Child Psych - What is your turf?

Discussion in 'Psychiatry' started by TexPre-Med, May 7, 2008.

  1. TexPre-Med

    TexPre-Med Banned
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    I've been trying to find out exactly what a child psych fellowship does for you, and I haven't had much luck. Numerous web sites explain what child psych is, but what exactly can child psychiatrists do that no one else can? Define their primary turf if you will. I mean FP's can treat ADHD in children correct? Can general psychiatrists not treat anyone under 12..8...6....years old?
     
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  3. Doc Samson

    Doc Samson gamma irradiated
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    A child and adolescent psychiatry fellowship trains you specifically in the psychiatric care of children, and allows you to be board eligible in child and adolescent psychiatry. A general psychiatrist could treat a child, but:

    a) lacks any real training to do so, and thus
    b) has much greater liability if anything goes wrong

    It's much like asking an internist to treat a child. As my wife (a child psychiatrist) often tells me "kids aren't just little adults." Psychotherapy is different, psychopharmacology is different, and having to talk to the parents/teachers/whatever is much different than the practice of general adult psychiatry.
     
  4. billypilgrim37

    billypilgrim37 Unstuck in Time
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    It's funny how the negated converse, "adults are just big kids," does seem to be a fairly accurate statement, however. Not just in terms of maturity and playing Wii all the time, but in actual medical practice in psychiatry and otherwise. While most people pick med/peds for lame reasons, the ones that recognize the value of treating "pediatric" conditions in people who now live to be 40 instead of 14.

    To the OP, yes, family docs and primary care pediatricians treat what they call ADHD and depression. And it's probably a good thing that they do, because psychiatrists are too few and too expensive for every patient with a behavioral or mood complaint to see a specialist. But most pcps are readily out of their comfort zone past low-to-moderate doses of stimulants or antidepressants, and few pcps have any business whatsoever prescribing a neuroleptic or an antiepileptic for just about any reason, even if drug companies have suddenly convinced everyone that Seroquel is an acceptable sleep drug.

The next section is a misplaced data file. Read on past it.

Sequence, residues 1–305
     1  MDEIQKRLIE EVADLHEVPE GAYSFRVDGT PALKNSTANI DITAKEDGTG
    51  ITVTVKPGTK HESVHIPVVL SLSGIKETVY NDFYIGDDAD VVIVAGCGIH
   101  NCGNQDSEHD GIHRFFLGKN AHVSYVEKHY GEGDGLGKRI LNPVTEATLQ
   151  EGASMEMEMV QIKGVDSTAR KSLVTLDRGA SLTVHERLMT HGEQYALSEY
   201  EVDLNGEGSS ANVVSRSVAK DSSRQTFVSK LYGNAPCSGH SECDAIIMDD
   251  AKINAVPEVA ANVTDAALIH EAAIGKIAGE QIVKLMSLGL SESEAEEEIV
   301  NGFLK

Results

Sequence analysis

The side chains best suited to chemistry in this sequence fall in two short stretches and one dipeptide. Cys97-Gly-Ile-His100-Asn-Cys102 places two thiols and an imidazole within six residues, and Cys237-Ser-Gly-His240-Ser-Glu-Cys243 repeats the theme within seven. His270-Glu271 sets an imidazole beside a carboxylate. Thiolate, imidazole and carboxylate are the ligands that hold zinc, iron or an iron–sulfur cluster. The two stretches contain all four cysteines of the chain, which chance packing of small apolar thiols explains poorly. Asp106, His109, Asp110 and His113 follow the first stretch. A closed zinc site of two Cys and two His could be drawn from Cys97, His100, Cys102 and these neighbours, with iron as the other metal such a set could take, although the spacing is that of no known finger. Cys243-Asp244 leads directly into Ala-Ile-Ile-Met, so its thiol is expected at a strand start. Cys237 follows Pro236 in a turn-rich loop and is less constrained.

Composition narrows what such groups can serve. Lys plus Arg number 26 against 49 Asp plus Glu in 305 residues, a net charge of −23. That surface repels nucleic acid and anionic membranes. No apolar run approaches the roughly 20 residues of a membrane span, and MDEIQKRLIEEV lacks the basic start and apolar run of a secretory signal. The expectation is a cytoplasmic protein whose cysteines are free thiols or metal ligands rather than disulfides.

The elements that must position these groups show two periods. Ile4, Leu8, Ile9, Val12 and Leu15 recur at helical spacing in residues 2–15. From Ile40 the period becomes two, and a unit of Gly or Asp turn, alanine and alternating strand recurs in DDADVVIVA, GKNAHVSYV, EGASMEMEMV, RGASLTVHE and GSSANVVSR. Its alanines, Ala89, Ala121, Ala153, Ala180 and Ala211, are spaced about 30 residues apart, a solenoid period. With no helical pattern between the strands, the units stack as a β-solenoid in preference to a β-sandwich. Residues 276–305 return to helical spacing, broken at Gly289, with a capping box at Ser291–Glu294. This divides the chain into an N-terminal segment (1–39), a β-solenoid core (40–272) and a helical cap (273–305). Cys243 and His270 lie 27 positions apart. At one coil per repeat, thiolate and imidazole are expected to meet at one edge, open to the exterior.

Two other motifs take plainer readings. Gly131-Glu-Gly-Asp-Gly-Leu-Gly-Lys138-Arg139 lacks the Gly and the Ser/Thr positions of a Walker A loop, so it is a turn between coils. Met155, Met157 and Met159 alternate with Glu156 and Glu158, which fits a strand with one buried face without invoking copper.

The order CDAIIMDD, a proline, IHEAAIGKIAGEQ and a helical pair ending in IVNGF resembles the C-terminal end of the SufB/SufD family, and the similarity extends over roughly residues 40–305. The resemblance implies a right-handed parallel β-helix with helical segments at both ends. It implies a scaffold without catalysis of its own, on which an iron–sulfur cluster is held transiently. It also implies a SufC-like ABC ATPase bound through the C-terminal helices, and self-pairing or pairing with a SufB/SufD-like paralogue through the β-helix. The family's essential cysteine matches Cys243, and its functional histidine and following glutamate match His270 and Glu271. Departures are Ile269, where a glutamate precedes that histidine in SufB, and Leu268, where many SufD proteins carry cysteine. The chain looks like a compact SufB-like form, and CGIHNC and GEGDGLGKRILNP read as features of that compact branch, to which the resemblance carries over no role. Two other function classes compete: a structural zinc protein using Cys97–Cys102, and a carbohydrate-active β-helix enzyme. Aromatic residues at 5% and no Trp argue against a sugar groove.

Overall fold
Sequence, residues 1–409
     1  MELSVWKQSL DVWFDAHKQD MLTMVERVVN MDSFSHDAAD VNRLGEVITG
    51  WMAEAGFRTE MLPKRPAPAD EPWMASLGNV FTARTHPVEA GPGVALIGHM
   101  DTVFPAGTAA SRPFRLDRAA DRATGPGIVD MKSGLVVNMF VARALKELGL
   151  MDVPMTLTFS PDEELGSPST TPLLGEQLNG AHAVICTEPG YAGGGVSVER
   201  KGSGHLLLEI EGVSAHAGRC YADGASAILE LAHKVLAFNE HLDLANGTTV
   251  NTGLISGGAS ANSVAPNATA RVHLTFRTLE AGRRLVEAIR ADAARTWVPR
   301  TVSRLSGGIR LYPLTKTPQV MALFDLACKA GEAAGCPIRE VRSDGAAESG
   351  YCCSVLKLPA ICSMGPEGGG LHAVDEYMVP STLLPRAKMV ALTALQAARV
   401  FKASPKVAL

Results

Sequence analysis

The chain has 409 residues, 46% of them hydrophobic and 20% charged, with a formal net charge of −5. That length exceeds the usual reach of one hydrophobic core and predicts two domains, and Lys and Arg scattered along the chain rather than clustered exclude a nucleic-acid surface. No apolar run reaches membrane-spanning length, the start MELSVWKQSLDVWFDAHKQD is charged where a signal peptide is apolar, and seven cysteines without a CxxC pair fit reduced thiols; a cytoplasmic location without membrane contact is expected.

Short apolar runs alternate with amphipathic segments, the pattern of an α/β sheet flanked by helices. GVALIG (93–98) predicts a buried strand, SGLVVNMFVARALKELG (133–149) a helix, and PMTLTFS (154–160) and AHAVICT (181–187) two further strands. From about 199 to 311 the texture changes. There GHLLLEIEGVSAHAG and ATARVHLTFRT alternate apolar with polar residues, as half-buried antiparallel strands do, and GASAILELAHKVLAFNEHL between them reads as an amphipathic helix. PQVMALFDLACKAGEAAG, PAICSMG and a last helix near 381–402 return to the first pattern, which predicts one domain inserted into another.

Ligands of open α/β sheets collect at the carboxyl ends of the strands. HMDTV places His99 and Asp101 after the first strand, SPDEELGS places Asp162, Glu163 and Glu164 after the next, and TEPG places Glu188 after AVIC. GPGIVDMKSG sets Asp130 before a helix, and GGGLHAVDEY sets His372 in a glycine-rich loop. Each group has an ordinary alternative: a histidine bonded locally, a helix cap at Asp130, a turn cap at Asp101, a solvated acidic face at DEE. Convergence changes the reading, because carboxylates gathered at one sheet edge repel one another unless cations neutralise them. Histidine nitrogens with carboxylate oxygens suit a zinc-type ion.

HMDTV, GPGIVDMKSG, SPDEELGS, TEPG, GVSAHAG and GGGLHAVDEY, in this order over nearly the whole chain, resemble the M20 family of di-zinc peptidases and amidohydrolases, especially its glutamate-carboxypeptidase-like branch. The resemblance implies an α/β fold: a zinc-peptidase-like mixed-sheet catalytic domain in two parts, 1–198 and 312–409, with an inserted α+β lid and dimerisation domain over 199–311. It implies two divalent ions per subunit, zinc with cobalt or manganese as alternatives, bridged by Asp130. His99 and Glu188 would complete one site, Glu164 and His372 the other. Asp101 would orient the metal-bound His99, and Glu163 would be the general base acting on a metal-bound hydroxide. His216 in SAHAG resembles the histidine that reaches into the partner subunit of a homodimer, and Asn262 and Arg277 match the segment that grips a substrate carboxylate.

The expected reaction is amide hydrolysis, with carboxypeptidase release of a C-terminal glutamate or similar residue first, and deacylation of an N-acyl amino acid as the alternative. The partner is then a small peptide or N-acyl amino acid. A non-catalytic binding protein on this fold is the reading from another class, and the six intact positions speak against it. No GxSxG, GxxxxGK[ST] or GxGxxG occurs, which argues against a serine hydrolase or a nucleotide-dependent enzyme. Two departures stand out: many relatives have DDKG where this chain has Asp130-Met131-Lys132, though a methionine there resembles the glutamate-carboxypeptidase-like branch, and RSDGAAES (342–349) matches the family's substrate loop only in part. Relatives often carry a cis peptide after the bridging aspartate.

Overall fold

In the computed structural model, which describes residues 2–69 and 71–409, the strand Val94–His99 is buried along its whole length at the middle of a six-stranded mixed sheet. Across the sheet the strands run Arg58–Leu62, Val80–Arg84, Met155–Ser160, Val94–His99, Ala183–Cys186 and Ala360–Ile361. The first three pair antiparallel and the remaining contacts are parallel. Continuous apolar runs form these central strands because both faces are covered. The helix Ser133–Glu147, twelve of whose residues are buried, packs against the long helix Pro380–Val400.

PCPs also do not have the training to properly diagnose most psychiatric disorders, but many still do a pretty fair job anyway and deserve a lot of credit for their ability to do things they haven't been trained to do, and still recognize where their expertise is limited.

    So yes, strictly speaking, family docs can do whatever they want. If they build their own hospital, they can do neurosurgery out-of-pocket, if they're willing to accept the liability.

    Child psychiatry is a high-liability and a difficult field to do right. If you're interested in behavioral or mood disorders in children, the only ways you can really do your patients right is to train as a child psychiatrist, or do a developmental peds fellowship as a pediatrician. The latter option is severely under-explored by medical students, and while the fellowship does not offer much training in psychopharm, most of the psychiatric pathology and diagnostics are similar.
     
  5. TexPre-Med

    TexPre-Med Banned
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    As a general psychiatrist, at what age do you feel comfortable with treating a patient?
     
  6. OldPsychDoc

    OldPsychDoc Senior Curmudgeon
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    I personally didn't feel comfortable treating patients until I was well into my 40s...but I was a late bloomer. :D



    I see 16 & 17 y/o adolescents in my outpatient clinic as well as general adults. That was my choice. I prefer to be able to treat them when they're more like adults, and I have good child therapist support here. I really don't want to deal with the time intensiveness of treating younger kids.
     
  7. Doc Samson

    Doc Samson gamma irradiated
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    18. I don't like having to ask mommy and daddy's permission to treat the patient (theirs I mean, not mine).;)
     
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